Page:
Malina

Origin: Scottish, Bulgarian, Serbian, Polish, Czech, Slovak, Romanian, Greek, Inuit

Meaning: a diminutive of Scottish Malcolmina, the feminine form of Malcolm meaning “disciple of Saint Columba”.

Malina is also a Slavic name meaning “raspberry”.

Mălina is also a Romanian name, deriving from the Romanian word mălin meaning “bird cherry tree”.

It could also be an elaborate form of Scandanivian Malin, a short form of Magdalene meaning “of Magdala”. It could also be derived from Hebrew migdal meaning “tower” from a root meaning “high”.

Malina could also be a variant spelling of Greek Melina meaning “honey”.

Malina is also a figure in Inuit mythology (the practices and spiritual beliefs of the Inuit, an indigenous people from Alaska, Canada, and Greenland). Malina was a sun goddess and her brother Anningan is the moon god. Legend has it that the two got into an argument, she spread black grease on his face, and ran away eventually becoming the sun goddess ( there’s a darker version of the story in which Anningan rapes his sister and she ran away to get away from him). Anningan chases after her, becoming the moon god. So intent is he on chasing after Malina that he forgets to eat and starves, becoming thinner and thinner until he disappears to eat. It’s said that when he finally catches up with her it causes a solar eclipse.

Drago

Origin: Slavic, Italian

Драго (Serbian)

Meaning: from Slavic element dragu meaning “peace” as well as being a short form of names beginning with the element (such as Dragan, Dragomir, or Dragas, etc.)

It’s also an Italian word meaning “dragon”, the Italian form of Latin draco

Draga is its feminine form

Vladimir, Vladimír

Origin: Slavic

Владимир (Russian, Serbian, Bulgarian, Macedonian)

Meaning: from Slavic elements vladeti “rule” and meru “great, famous” meaning “famous ruler”. According to Behindthename, the second element could also be associated with miru “peace, world” so the meaning could also be “peaceful ruler” or “world ruler”. The Vladimír spelling is the Czech and Slovak form of Vladimir.

Dejan

Origin: Slavic, Latin

Дејан (Serbian and Macedonian)

Meaning: either derived from a South Slavic word dejati meaning “to act, to do” or related to Latin deus “god”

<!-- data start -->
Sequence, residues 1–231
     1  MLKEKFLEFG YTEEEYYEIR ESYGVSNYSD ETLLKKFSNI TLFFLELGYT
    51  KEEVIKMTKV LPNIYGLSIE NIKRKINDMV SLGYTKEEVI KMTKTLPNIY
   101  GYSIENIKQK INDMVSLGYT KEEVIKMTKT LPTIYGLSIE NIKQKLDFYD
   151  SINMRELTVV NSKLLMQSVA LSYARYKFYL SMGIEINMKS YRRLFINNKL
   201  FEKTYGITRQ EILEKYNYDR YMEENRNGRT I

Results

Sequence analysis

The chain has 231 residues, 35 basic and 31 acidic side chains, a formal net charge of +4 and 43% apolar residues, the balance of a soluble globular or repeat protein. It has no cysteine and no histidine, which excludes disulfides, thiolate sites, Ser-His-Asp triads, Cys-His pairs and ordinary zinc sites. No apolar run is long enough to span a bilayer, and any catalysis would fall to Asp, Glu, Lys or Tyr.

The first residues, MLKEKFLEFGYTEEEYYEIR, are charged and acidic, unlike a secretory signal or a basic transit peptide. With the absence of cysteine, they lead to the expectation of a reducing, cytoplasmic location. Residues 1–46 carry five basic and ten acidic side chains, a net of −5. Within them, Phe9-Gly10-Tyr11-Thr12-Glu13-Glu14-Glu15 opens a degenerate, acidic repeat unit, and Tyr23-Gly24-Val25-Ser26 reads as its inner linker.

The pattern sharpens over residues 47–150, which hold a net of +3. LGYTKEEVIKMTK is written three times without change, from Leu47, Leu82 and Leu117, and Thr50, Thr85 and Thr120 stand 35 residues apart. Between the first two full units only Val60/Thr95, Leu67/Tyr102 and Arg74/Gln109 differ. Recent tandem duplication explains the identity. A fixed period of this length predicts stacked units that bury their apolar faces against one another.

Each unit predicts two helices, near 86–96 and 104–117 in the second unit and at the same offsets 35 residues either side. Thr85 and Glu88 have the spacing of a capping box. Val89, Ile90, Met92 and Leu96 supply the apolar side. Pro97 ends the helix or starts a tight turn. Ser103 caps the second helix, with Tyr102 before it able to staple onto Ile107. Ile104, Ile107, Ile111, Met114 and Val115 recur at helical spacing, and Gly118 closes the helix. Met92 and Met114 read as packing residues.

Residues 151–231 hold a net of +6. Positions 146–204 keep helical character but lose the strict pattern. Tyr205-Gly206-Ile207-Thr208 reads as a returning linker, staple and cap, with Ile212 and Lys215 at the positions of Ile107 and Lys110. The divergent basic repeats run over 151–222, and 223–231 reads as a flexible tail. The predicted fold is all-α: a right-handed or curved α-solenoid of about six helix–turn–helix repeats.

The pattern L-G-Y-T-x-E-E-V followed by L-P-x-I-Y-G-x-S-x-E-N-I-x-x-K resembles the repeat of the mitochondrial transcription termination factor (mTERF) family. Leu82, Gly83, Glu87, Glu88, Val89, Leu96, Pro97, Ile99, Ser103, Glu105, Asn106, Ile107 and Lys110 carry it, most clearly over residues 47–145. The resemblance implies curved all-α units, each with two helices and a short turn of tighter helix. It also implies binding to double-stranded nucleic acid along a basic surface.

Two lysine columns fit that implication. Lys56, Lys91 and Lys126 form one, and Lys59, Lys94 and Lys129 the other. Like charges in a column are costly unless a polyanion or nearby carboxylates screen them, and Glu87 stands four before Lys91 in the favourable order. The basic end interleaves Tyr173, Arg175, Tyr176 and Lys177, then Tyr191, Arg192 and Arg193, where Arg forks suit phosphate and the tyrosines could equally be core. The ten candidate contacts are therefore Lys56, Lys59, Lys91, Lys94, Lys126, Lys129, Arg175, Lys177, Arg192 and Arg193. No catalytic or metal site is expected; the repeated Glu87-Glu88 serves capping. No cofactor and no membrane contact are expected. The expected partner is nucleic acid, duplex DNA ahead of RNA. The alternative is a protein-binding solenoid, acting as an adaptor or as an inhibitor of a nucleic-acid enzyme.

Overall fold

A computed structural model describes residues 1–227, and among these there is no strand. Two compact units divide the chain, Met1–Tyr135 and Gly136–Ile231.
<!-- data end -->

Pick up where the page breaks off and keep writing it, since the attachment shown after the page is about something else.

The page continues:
Variants: Deyan, Dejana (feminine form)

Dejan is pronounced “de-yan” with the “j” silent.

Milan

Origin: Slavic

Милан (Russian, Serbian, Bulgarian, Macedonian)

Meaning: from Slavic element milu meaning :gracious, dear”. According to Wikipedia, it also has Indian and Latin origins; in Hindu it’s supposed to mean “eager”, “worthy”, or “competitor”, all coming from an expression meaning “a coming together”. In Latin, it’s supposed to mean “eager and laborious”

In Slavic-speaking countries, Milan is strictly a male name with Milana or Milena as its feminine counterparts, although it’s also been used for girls, probably inspired by the city in Italy (whose name comes from a different source- either from Latin or Celtic roots)

Ivan

Origin: Russian, Bulgarian, Ukrainian, Serbian, Croatian, Czech, Slovene, Macedonian, English

Meaning: Slavic form of John, meaning “Yahweh is gracious”

Although in English, Ivan is always pronounced as “eye-ven”, in Russian and Ukrainian it’s pronounced as “ee-vahn”

Neven

Origin: Bulgarian, Macedonian, Croatian, Serbian, Irish

Meaning: marigold; saintly, holy, religious

Neven is the masculine form of Nevena, which means marigold; it could also be a variant spelling of Irish Nevan, which means either holy, religious, or saintly;

Petra

Origin: Greek, Finnish, English, German, Swedish, Norwegian, Danish, Dutch, Czech, Slovak, Slovene, Bulgarian, Croatian, Serbian, Macedonian, Hungarian,

Meaning: feminine form of Peter, meaning “stone” or “rock”

Variants: Peta, Petrina, Penka